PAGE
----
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Apple Pay: iPhone 6 Could Replace Your Credit Cards



Apple introduced a new payment service that could eliminate most physical and virtual credit card transactions. Apple Pay aims to speed up and secure the checkout process at retail stores, restaurants and online. Apple Pay was a major focal point as Apple executives unveiled the new iPhone 6 and the Apple Watch near the company’s headquarters in Cupertino today.

“Now, with just a touch, you’ve paid. It’s that fast, it’s that easy.” Eddie Cue, an Apple senior vice president, as he unveiled Apple Pay.

Apple Pay App Enrolls Credit Cards, Uses them for Online and Retail Purchases

Apple Pay App Enrolls Credit Cards, Uses them for Online and Retail Purchases

United States credit and debit card issuers are behind the times.. In many other countries, secure credit card microchips make it more difficult to steal card numbers and help prevent fraud. Apple Pay will leapfrog that technology by letting consumers tap their phones on payment terminals, protecting their credit card numbers, security numbers and even their names.

So how does this all work? The two new iPhone 6  models have a Near Field Communications (NFC) chip built-in. As the name implies, the NFC wireless technology only works over very short distances. Apple’s Passbook app will work with the card to transmit credit card info to stores’ payment terminals when users tap their iPhone 6s against them. Payments are secured with Touch ID, Apple’s fingerprint security feature first introduced on the iPhone 5s.

Apple Pay will use credit cards that are already registered with iTunes Store accounts. Those that want to use a different card can register any American Express, MasterCard or Visa card with Apple Pay by snapping a photo of it from within the Apple Pay app. Credit cards will be stores in Apple’s Passbook

To further protect shopper’s privacy, full credit card numbers will not be stored by Apple. Instead, Apple Pay will create one-time-use credit card numbers that will be transmitted to a merchant.  Merchants will not be able to transmit information back to Apple regarding your purchases.  That means shoppers won’t have to worry about Apple snooping on their shopping habits.

Another benefit of using Apple Pay is that an iPhone can be disabled for payment should it be stolen or go missing. That means you won’t have to ever cancel your credit cards if such an incidence occurs.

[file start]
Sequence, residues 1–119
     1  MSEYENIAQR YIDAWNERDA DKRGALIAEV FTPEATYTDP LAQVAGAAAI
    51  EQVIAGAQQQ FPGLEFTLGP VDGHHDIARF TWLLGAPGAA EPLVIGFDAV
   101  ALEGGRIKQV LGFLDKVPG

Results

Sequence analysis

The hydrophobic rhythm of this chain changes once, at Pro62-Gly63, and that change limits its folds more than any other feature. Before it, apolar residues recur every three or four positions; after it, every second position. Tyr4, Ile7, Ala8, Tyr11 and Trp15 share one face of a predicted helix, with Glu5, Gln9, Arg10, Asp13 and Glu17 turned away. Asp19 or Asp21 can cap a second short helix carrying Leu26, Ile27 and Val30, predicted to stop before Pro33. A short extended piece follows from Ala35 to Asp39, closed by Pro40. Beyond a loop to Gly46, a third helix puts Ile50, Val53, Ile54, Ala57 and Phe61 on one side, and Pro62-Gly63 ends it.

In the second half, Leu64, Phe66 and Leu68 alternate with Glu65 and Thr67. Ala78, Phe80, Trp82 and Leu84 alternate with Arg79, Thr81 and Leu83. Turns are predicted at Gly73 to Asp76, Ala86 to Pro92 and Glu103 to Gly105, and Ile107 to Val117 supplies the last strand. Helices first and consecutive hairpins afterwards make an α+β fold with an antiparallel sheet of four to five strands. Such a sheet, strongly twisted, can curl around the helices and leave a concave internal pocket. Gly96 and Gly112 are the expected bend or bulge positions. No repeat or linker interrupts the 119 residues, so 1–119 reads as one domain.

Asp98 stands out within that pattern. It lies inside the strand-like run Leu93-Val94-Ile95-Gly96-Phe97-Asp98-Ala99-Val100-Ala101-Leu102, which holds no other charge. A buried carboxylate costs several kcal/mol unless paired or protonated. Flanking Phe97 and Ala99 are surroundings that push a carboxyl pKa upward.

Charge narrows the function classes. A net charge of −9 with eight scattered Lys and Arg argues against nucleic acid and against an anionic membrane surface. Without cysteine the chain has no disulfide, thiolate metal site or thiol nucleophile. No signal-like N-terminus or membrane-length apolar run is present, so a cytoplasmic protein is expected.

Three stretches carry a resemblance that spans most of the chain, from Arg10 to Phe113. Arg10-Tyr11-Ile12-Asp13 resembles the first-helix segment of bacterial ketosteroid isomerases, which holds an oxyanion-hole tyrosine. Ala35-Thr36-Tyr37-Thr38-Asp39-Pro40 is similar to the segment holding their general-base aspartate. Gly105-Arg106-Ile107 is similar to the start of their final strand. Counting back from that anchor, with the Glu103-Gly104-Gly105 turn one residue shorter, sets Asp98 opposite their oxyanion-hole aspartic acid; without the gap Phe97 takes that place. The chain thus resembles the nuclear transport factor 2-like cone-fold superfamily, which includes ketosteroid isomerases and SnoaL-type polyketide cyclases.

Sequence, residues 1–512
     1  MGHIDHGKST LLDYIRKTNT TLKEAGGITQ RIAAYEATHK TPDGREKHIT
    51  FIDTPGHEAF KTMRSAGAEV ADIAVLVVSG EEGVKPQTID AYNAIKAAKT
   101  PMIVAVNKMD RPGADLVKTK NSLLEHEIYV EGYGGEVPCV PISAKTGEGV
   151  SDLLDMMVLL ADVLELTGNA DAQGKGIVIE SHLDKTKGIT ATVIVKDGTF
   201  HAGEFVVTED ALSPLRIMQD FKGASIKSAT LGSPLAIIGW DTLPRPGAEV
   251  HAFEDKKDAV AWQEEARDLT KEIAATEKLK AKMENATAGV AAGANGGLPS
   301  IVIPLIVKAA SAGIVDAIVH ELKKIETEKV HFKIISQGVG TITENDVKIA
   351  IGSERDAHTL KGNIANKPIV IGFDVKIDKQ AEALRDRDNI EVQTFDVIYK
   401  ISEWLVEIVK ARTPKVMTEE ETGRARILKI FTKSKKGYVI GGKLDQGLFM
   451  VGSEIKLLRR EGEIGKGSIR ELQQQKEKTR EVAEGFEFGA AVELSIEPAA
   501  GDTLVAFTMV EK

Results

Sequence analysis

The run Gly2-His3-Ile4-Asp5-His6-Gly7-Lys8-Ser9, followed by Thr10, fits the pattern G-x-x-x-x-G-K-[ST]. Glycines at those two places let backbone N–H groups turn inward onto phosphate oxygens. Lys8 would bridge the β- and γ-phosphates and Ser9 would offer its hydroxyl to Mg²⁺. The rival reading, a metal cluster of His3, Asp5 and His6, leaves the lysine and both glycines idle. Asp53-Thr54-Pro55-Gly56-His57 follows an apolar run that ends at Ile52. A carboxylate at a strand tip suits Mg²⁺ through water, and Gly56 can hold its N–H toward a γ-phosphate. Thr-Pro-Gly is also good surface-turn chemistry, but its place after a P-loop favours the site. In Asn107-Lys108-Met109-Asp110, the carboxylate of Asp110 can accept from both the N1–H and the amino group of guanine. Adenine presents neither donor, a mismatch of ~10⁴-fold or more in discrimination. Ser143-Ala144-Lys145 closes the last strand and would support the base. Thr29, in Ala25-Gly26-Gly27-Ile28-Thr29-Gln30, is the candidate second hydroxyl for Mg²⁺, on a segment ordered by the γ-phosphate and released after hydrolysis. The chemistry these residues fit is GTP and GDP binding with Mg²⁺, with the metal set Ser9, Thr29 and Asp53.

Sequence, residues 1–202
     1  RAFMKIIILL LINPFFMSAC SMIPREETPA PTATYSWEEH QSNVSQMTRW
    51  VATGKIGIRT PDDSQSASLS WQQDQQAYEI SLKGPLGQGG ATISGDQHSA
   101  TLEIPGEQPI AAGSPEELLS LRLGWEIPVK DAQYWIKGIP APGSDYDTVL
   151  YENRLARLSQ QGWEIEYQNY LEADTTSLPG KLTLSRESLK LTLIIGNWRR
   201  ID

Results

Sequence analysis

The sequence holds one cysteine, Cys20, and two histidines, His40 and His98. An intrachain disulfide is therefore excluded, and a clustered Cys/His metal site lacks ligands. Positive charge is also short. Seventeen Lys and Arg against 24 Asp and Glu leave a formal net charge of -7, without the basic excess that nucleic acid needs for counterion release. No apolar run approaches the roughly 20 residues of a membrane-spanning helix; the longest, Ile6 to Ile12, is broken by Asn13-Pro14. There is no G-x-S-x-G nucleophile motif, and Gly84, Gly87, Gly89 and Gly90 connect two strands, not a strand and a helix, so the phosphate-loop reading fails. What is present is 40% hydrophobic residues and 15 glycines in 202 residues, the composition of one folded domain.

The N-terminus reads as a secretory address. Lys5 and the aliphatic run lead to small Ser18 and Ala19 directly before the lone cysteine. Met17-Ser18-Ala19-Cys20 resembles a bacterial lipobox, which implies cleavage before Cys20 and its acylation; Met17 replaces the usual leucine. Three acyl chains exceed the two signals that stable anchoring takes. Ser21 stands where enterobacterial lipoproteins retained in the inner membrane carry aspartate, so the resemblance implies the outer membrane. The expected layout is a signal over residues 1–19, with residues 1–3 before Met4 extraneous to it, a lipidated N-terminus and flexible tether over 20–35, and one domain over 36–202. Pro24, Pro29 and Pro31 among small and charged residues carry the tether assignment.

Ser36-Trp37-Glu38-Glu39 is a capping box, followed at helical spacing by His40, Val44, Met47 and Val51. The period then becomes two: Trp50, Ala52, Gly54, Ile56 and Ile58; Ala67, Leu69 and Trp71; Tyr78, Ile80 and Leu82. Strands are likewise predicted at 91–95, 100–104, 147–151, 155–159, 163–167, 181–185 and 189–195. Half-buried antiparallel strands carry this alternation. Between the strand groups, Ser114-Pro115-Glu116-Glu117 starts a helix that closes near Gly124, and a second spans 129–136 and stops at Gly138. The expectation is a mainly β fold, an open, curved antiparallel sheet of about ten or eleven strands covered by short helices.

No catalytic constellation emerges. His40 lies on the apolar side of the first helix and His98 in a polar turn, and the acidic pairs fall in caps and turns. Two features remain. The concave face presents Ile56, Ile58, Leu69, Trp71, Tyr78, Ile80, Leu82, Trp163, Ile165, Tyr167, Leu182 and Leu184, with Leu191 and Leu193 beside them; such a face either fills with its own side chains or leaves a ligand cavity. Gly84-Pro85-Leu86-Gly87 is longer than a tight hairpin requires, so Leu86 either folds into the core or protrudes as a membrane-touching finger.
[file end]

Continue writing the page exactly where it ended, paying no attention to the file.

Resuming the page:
Select Apple Pay Launch Partners

Select Apple Pay Launch Partners

NFC terminals aren’t as widespread to make leaving your credit cards at home a reality quite yet. There are approximately 220,000 NFC-enabled payment terminals in the United States today, according to Apple. To drive the adoption of NFC-enabled payment terminals, Apple’s partnered with some of the biggest retailers to install compatible terminals in time for the holiday shopping season. Launch partners include Macy’s, Sephora, Whole Foods, Walgreens, Disney, Duane Reade, McDonald’s, Subway and others. Naturally, Apple retail stores will accept Apple Pay as well.

According to Apple, there are currently $1 billion in online transactions today and the checkout process is daunting. Apple Pay will make it possible for iPhone users to check out with their Apple Pay with just one tap.  App developers will be able to integrate Apple Pays into apps. Some developers have already baked that feature into their soon-to-be released app updates. For example, Major League Baseball’s At Bat app will allow fans to purchase game tickets right from their phones, then add them to Passbook. This will make transactions on apps like Uber significantly easier for customers to use for the first time since users won’t have to create a new account and manually enter payment info.

apple-pay-opentableOne key partner Apple executives mentioned during the keynote is Opentable, a company that dominates the online restaurant reservation space. Restaurants equipped with Opentable systems will be able to accept Apple Pay payments rather than forcing customer to do the “check please” shuffle and handing over credit cards to waiters. Devices called “skimmers” are sometimes used by unscrupulous waiters and service personal to steal the information stored in the magnetic stripes on the back of credit cards. The decades-old stripe leaves customers vulnerable to having their cards cloned or used online without their authorization.

Apple Pay will be part of the free iOS 8 update, which is arriving soon.

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